Packers hoping to lure former wide receivers coach Luke Getsy back to Green Bay

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GREEN BAY - The Green Bay Packers want to bring back former wide receivers coach Luke Getsy, whose outstanding work with the receivers during his time here and familiarity with quarterback Aaron Rodgers would make him a good fit.

Getsy left the Packers after the 2017 season to accept the offensive coordinator’s job with his mentor, Mississippi State head coach Joe Moorhead.

The Packers are hoping there’s enough mutual interest to lure Getsy back into the pro game and are expected to talk to him soon. More than likely, the Packers had to get permission from Moorhead to interview the 33-year-old Getsy.

Getsy spent four years with the Packers (2014-17), starting as an offensive assistant and working his way up to receivers coach in 2016. He immediately introduced some unusual training drills, including juggling tennis balls and footballs and catching falling bricks before they hit the ground, in an attempt to improve head-eye coordination.

Green Bay Packers receivers coach Luke Getsy, headed to a job with Mississippi State after the season, warms up Randall Cobb before the game against the Detroit Lions on Dec. 31, 2017, at Ford Field in Detroit.

In 2016, Jordy Nelson, Davante Adams and Randall Cobb each had 60 or more receptions and at least 600 yards receiving. Nelson had 97 catches for 1,257 yards and 14 touchdowns a year after tearing his ACL.

Adams blossomed in ’16 after struggling the year before because of an ankle injury. He caught a career-high 75 passes for 997 yards and 12 touchdowns.

If Getsy takes the job, he would oversee developing the Packers’ three young wide receivers, Marquez Valdes-Scantling, Equanimeous St. Brown and J’Mon Moore. Valdes-Scantling and St. Brown both flashed some ability last year and the Packers are counting on all three of the rookies to contribute more.

Getsy had a fairly veteran group when he was with the Packers in 2016-17, but he has experience developing younger players. He showed that in working with undrafted free agent Geronimo Allison, who was a surprise contributor his first two seasons.

As important as Getsy’s expertise coaching wide receivers, his relationship with Rodgers was good and having a familiar face in the offensive meeting room probably wouldn’t be a bad thing. Rodgers, according to a source, didn’t work closely with receivers coach David Raih and counted on veteran passing game coordinator Jim Hostler when it came to working with the receivers.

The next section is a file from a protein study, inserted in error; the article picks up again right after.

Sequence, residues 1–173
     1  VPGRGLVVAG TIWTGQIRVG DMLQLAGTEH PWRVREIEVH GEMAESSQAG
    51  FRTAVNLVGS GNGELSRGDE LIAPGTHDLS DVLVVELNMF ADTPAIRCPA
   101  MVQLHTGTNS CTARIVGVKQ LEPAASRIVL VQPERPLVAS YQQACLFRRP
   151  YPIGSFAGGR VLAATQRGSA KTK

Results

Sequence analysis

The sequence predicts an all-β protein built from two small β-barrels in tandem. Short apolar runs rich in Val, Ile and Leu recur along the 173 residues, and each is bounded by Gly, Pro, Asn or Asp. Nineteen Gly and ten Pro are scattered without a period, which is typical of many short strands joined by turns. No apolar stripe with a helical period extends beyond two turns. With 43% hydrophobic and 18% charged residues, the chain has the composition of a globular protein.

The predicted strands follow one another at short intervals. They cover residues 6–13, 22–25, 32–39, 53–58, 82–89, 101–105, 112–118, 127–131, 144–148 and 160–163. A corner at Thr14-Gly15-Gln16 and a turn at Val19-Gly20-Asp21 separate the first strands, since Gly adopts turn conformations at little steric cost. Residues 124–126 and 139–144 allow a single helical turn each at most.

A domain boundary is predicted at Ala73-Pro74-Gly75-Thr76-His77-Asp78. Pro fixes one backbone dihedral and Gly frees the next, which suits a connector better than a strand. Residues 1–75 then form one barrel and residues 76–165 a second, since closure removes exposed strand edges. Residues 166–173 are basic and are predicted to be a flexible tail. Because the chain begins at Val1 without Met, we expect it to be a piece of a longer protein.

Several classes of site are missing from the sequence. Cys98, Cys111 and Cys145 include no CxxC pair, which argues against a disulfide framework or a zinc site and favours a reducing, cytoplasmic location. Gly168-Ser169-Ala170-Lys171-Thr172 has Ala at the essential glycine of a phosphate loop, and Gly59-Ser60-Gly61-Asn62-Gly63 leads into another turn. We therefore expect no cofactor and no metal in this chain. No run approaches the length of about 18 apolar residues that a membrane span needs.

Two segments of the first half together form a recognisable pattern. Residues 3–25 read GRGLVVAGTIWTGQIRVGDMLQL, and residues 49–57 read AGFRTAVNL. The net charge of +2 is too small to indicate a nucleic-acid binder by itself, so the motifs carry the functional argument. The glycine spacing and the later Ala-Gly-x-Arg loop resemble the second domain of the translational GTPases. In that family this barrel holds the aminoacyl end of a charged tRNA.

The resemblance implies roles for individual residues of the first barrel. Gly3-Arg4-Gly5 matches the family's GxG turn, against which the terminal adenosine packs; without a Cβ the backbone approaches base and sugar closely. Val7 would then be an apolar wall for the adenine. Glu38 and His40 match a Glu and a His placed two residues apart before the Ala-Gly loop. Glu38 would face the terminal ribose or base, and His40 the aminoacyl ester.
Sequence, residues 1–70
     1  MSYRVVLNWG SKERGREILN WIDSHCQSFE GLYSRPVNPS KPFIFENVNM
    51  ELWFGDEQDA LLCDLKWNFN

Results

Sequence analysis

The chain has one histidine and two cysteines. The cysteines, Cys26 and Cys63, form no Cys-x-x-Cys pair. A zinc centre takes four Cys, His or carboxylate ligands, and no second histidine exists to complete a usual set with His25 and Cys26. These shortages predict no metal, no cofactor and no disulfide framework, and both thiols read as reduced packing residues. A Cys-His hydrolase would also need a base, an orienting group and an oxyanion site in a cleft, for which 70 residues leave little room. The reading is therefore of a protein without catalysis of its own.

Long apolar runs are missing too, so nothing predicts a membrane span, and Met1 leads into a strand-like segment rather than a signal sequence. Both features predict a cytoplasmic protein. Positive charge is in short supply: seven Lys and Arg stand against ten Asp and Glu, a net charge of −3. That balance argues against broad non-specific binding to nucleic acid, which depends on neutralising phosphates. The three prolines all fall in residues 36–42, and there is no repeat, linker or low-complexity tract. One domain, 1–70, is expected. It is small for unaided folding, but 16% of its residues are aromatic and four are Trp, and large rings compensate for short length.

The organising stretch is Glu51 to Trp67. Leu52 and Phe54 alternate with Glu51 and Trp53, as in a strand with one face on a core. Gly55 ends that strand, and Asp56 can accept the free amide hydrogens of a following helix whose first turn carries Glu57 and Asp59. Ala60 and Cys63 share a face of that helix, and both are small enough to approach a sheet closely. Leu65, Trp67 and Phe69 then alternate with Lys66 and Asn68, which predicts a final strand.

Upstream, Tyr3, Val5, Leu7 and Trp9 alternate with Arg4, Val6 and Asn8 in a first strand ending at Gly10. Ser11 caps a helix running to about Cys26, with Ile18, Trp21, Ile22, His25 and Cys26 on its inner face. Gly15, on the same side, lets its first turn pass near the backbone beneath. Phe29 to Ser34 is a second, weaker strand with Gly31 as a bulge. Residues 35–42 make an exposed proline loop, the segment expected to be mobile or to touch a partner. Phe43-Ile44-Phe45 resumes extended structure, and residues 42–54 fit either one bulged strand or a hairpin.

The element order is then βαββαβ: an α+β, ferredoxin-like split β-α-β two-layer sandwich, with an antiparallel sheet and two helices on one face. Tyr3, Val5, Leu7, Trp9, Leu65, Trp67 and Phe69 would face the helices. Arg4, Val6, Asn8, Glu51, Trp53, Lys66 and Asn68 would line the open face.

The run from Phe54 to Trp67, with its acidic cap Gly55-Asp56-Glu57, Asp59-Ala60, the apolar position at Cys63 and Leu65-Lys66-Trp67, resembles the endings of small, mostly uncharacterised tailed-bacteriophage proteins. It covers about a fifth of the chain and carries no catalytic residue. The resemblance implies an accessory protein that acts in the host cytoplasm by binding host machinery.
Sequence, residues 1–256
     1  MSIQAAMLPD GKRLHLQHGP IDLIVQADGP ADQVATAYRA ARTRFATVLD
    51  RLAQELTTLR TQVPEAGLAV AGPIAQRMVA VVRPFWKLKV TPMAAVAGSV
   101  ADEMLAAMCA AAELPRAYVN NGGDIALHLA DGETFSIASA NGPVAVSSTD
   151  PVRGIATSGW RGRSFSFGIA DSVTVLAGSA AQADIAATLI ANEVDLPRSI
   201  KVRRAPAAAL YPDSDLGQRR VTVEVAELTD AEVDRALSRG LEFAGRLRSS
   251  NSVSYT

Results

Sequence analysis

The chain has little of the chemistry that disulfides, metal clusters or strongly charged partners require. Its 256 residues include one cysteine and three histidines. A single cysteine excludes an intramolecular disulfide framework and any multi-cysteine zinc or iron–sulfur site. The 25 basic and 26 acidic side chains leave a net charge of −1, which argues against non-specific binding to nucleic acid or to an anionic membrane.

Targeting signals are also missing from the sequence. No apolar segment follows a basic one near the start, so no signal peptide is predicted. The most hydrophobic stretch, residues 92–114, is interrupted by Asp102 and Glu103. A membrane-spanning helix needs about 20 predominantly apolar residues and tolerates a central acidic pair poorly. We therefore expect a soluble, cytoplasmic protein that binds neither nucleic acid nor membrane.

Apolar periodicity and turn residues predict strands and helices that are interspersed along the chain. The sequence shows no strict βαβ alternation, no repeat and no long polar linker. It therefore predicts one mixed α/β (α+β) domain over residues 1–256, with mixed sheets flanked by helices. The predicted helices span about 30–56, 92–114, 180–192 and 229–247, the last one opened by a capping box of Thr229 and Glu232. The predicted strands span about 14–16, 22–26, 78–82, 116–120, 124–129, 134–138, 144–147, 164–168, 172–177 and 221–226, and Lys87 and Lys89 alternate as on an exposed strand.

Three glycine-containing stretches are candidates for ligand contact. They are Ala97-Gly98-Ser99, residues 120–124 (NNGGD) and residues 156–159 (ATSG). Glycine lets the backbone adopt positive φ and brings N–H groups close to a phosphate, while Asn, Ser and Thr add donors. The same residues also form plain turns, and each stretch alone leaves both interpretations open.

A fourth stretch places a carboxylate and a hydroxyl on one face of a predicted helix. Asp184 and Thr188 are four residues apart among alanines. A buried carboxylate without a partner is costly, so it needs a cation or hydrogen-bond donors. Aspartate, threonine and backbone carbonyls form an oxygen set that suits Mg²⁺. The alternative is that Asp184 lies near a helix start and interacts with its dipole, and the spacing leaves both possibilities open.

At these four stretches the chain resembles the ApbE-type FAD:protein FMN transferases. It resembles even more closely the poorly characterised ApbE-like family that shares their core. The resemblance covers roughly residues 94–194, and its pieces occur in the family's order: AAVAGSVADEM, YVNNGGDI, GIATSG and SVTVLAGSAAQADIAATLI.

The Packers weren’t planning on retaining Raih, who wound up accepting a similar position with the Arizona Cardinals.

It’s likely Getsy and new coach Matt LaFleur will know soon whether they’ll be working together. One source said the recruiting aspect of college football had been tough for Getsy and a return to the NFL wouldn’t be a big surprise.

Getsy played under Moorhead at Akron and then coached for him. He coached in the college ranks from 2007-13 until former Packers coach Mike McCarthy offered him a offensive quality control position in 2014. Getsy held that spot for two years until he replaced then-receivers coach Edgar Bennett, who was promoted to offensive coordinator.

LaFleur has already interviewed the New York Jets‘ Karl Dorrell and Miami’s Shawn Jefferson.

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Meanwhile, has learned LaFleur is expected to interview former Cincinnati Bengals offensive line coach Frank Pollack as a potential replacement for James Campen, who left to assume the associate head coach and offensive line coach roles in Cleveland. LaFleur also requested to interview San Francisco 49ers assistant offensive line coach Adam Stenavich.

Pollack and LaFleur have history together, as they were on the same staff in Houston from 2008-09 under then-Texans offensive coordinator Kyle Shanahan.

Pollack, 51, was recently allowed to leave the Bengals after initially being kept on staff following the resignation of Marvin Lewis. In Pollack's only season in Cincinnati, running back Joe Mixon led the AFC in rushing and the Bengals were No. 8 in the NFL in rushing yards per carry (4.8).

Frank Pollack, then the offensive line coach of the Oakland Raiders, cheers on his team before a game against the Kansas City Chiefs on Oct. 28, 2012. (AP Photo/Reed Hoffmann)

Prior to arriving in Cincinnati, Pollack was the offensive line coach in Dallas from 2015-17. In 2015, the Cowboys finished No. 9 in rushing and No. 5 in yards per attempt. In 2016, they finished No. 2 in rushing yards and touchdowns and No. 3 in yards per attempt as Ezekiel Elliott turned in an All-Pro performance. In 2017, despite Elliott missing six games, the Cowboys finished second in rushing yards and touchdowns and No. 3 in yards per attempt again.

In other news Thursday, former Packers assistant Joe Whitt Jr. was expected to accept a job with the Cleveland Browns. with the likely title of defensive passing game coordinator/secondary.

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